changing the mode by which he interprets the 'code'
                                                                  which language represents. The hearing aid restores the
                                                                  original language code now unfamiliar to, or unlearned
6    ovember 1976                                  SA      MEDICAL          JOUR      AL                                          1913

by the patient over many years. To overcome the resul-                         TABLE I. MAXIMUM ALLOWABLE EXPOSURE TO
tant confusion, many persons require a proper hearing                                    DIFFERENT SOUND LEVELS
training when they get their hearing aid.
                                                                               Exposure duration            Maximum sound level
   Loud noise and loud music have long been thought to
                                                                                  (hours/day)                     (dB (A) )
constitute a risk to hearing acuity, and only fairly recently
serious attention has been focused upon this, with attempts                           8                              90
to investigate the subject scientifically. The first major,                           4                              93
and from many points of view still definitive, research                               2                              96
project was conducted in 1970 by Burns and Robinson'                                   1                             99
in the UK. Their report, together with the subsequent                                 V2                             102
'Code of Practice for Reducing the Exposure of Employed                               1f4                            105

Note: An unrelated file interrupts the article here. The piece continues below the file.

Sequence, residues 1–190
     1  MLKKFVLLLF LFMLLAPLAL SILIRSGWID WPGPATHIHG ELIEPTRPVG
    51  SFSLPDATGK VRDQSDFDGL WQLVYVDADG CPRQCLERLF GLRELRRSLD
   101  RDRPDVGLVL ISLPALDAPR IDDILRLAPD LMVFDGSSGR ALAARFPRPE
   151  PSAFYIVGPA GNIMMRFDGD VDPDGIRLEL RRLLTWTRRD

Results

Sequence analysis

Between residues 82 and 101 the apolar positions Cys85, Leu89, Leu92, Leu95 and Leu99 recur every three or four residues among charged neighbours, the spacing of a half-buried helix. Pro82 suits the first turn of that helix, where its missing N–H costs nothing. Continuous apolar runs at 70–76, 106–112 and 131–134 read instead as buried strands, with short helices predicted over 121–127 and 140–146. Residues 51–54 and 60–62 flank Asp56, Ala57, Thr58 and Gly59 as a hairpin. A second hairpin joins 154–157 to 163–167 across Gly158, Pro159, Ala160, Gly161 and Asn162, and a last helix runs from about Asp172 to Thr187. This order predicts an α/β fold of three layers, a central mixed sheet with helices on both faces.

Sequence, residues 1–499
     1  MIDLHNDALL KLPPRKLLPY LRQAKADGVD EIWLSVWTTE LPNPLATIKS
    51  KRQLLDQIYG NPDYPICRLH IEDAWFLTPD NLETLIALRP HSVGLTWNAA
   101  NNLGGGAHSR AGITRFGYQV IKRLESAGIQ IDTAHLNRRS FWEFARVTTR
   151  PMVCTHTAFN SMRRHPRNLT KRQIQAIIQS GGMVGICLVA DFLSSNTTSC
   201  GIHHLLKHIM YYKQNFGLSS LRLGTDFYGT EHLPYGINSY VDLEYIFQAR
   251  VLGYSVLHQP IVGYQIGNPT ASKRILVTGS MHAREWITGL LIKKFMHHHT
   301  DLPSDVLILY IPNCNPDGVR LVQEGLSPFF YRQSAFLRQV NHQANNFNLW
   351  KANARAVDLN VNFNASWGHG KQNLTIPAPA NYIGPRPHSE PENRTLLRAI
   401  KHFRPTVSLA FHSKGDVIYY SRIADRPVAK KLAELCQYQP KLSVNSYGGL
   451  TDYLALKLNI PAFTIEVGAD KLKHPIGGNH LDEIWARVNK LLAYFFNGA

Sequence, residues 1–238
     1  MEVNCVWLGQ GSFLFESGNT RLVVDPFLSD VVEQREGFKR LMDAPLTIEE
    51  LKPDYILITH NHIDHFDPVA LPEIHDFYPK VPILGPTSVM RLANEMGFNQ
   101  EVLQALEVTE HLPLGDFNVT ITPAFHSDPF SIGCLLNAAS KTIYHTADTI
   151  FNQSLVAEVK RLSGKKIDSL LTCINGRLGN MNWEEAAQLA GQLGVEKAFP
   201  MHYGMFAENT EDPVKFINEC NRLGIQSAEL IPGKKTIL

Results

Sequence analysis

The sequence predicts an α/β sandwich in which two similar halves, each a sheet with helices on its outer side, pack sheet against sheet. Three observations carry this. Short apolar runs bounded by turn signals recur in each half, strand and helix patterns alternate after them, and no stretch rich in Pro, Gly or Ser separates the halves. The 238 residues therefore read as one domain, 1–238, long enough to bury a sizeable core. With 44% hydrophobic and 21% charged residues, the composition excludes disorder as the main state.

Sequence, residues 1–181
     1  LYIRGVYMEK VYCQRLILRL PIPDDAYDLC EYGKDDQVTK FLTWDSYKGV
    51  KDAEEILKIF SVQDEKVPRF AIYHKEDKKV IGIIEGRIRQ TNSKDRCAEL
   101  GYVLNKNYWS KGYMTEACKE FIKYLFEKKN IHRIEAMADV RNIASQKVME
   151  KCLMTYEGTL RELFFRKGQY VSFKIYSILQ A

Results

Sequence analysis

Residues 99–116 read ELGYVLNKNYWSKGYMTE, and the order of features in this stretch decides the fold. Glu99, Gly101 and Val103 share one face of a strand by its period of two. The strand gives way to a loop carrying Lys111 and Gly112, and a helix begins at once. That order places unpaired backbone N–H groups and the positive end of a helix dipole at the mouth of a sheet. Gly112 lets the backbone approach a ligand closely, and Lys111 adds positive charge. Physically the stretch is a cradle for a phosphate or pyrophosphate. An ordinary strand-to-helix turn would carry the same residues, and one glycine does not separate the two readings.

Persons to N oise as well as results from the Second
British Conference on Audiology (1975)*, are now stan-                   factories or workshops (average level ± 90 dB) will be
dard references.                                                         safe for up to 8 hours a day exposure, the 'loud' disco-
                                                                         theque (> 100 dB) should be considered unsafe for periods
The Acoustic Environment                                                 longer than about 30 minutes. Accurate in theory, this
                                                                         may in fact not be true in practice, where another impor-
   The normal thresho~d of human hearing makes the                       tant aspect must be taken into consideration, i.e. the
frequency level 0 dB (A) only just audible. Normal                       fluctuation of sound pressure. This is an aspect of con-
listening levels are around 60 dB (A); the sound level in                siderable confusion, uncertainty and even subjectivity,
a noisy factory or workshop would probably be around                     for it centres around the controversial i sue of the rela-
90 dB (A); discotheques usually play music at levels over                tion between music (or sound) and noise. Burns and
 100 dB (A); and a jet aircraft, some 90 m away, will                    Robinson' do not regard sound as 'continuous', as
register around 120 dB (A) which is only ± 15 dB lower                   quantifiable ambient sound which can be measured in
than the level at which the human ear suffers instanta-                  decibels and related to exposure periods, unless it fluc-
neous, permanent damage (± 135 dB (A».                                   tuates by less than 8 dB. It is unlikely that any music